Because they lived, Valdyrgard was not wholly destroyed. Because the valraven was transformed in the last miracle offered to a Child of the Light, Valdyrgard was changed to a world where magic and technology worked hand in hand.

2500 years later, Muire is in the last city on the dying planet, where the Technomancer rules what’s left of humanity. She’s caught sight of someone she has not seen since the Last Battle:  Mingan the Wolf is hunting in her city.

Comment:

This one I stumbled across when I was looking for books that bisected Sci-Fi and Norsevember, and I loved how it blended the two, and the writing was absolutely fantastic. **

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8. Midgard

A book set in our world

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Recently evacuated to the British countryside and with World War Two raging around her, one young girl is struggling to make sense of her life. Then she is given a book of ancient Norse legends and her inner and outer worlds are transformed. Intensely autobiographical and linguistically stunning, this book is a landmark work of fiction from one of Britain’s truly great writers.

Intensely timely it is a book about how stories can give us the courage to face our own demise. The Ragnarok myth, otherwise known as the Twilight of the Gods, plays out the endgame of Norse mythology.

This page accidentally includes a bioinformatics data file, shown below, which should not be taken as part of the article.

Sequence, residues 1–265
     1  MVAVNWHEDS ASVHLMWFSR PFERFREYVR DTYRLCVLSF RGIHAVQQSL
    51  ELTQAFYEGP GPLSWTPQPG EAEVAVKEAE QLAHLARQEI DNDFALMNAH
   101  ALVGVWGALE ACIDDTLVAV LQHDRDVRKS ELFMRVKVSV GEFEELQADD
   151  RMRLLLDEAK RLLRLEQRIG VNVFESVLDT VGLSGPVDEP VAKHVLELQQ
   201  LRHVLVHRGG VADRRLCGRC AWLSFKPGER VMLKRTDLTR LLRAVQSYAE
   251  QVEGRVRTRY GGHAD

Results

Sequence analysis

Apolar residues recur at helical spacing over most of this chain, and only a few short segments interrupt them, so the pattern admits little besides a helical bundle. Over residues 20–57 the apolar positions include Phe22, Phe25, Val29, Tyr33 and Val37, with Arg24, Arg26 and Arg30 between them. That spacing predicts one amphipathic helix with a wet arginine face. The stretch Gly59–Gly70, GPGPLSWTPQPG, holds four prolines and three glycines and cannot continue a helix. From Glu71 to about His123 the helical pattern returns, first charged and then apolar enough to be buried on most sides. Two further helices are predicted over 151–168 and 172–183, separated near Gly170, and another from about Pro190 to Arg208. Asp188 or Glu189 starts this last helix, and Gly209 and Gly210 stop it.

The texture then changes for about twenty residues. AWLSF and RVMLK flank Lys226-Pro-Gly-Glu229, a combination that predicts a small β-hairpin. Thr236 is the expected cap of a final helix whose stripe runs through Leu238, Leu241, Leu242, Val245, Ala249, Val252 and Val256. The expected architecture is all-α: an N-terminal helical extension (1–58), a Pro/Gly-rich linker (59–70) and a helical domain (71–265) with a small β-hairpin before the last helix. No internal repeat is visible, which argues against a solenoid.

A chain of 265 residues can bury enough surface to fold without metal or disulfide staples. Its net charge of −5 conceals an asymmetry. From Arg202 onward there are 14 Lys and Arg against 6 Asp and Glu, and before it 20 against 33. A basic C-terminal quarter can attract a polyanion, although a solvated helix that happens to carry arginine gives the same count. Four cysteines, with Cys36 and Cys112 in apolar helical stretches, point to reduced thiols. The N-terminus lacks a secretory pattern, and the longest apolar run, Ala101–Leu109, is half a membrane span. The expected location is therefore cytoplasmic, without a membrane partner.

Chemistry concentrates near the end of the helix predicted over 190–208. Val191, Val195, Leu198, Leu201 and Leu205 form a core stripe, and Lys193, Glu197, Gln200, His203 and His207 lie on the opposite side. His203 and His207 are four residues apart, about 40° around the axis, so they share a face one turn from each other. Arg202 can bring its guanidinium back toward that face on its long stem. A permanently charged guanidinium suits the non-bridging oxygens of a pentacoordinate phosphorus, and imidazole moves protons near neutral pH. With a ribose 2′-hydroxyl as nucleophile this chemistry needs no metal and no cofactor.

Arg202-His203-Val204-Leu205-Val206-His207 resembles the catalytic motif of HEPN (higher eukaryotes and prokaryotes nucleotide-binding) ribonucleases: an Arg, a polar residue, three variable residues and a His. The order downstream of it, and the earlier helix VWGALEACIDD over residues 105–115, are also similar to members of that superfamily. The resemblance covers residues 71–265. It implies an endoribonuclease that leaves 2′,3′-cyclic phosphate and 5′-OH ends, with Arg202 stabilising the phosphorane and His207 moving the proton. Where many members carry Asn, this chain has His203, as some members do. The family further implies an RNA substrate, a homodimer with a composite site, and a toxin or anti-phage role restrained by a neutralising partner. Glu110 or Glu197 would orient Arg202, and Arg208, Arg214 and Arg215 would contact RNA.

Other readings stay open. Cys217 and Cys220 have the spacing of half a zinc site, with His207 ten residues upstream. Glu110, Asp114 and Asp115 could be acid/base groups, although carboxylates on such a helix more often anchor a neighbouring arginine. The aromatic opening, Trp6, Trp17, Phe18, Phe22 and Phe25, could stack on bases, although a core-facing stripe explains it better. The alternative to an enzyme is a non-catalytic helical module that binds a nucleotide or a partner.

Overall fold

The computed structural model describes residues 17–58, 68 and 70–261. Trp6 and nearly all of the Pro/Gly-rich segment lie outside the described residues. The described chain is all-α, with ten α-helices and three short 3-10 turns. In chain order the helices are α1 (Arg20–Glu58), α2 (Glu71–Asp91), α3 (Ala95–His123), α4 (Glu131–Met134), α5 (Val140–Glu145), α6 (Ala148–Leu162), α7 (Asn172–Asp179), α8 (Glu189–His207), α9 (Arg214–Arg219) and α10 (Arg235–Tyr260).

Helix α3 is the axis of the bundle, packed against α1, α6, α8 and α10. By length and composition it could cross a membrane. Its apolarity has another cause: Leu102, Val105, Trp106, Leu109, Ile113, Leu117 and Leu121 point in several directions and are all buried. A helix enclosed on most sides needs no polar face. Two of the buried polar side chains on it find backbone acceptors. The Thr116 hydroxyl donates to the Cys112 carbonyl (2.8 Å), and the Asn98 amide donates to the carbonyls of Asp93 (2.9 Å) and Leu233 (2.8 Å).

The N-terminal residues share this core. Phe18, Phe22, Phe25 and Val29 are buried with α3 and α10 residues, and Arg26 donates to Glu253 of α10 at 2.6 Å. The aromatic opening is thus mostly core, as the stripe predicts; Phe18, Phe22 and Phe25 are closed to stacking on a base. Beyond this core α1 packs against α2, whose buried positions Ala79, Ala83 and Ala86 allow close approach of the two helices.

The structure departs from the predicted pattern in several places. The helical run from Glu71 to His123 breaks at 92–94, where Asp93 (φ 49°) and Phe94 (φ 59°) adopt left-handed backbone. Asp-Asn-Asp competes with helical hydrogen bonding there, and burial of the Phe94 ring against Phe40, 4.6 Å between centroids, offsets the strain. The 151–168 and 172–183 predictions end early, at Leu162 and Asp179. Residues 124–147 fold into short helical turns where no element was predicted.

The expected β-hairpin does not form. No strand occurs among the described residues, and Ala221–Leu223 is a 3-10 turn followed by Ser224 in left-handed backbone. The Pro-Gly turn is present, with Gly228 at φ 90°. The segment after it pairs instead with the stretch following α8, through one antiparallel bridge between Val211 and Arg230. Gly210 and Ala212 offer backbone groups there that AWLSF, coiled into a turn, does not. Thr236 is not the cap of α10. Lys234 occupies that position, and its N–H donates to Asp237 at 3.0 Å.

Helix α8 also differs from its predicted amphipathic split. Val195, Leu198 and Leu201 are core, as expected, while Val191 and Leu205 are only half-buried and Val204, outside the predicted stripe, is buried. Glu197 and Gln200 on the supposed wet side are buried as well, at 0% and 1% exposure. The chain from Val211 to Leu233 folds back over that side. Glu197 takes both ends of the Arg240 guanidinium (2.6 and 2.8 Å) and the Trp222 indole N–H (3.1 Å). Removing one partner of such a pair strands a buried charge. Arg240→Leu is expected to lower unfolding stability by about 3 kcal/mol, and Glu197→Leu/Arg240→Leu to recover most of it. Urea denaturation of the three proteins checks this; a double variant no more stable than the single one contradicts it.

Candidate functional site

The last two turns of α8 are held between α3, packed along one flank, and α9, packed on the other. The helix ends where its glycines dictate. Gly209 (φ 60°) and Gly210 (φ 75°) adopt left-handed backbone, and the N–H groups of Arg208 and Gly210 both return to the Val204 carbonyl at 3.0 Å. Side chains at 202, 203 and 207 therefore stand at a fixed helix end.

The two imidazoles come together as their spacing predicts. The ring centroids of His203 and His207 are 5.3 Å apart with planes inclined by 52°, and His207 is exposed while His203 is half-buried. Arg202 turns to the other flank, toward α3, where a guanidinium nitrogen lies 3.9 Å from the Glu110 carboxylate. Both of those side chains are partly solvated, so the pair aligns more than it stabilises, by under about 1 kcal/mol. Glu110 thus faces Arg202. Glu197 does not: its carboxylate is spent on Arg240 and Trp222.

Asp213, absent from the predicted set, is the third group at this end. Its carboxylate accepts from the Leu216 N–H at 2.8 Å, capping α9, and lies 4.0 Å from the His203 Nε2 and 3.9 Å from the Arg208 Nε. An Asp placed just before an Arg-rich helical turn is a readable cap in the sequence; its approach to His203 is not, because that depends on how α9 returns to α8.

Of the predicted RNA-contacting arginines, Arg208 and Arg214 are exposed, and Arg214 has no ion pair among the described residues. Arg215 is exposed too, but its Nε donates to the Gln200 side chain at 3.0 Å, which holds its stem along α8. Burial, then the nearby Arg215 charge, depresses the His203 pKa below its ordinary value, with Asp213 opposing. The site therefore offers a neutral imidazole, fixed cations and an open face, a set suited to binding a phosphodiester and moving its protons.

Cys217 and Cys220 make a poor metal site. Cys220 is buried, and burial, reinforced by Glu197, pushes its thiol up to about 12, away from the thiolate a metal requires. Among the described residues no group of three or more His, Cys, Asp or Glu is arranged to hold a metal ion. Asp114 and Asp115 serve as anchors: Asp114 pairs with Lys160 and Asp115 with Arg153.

It is the myth in which the gods Odin, Freya and Thor die, the sun and moon are swallowed by the wolf Fenrir, the serpent Jörmungandr eats his own tail as he crushes the world and the seas boil with poison.

It is only after such monstrous death and destruction that the world can begin anew.
Byatt taken this remarkable finale and used it as the underpinning of this highly personal and politically charged retelling.

Comment:

This was my first venture into Byatt’s writing, and I have to say that I adored the prose and that was probably my favourite part of the book. However, it was a very relatable retelling and it was something a little different from the other norse-inspired books I’ve read for the challenge and a very solid read. **

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9. Loki

A book that deceived you

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When a sinister creature murders one of the conquerors’ soldiers, Brohr’s violent reputation makes him the prime suspect. Haunted by a rage-filled ghost, Brohr’s disturbing possessions quickly become the reason for all of his troubles…and the only way he can survive. With a grandfather bent on dragging him into a failed rebellion, and a deadly comet hurtling toward his embattled world, Brohr sets off on a quest to save his people and uncover the truth about a war stretching back into the ancient past. Can he discover the true power of a Skald’s voice before the world itself ends in ash and flame?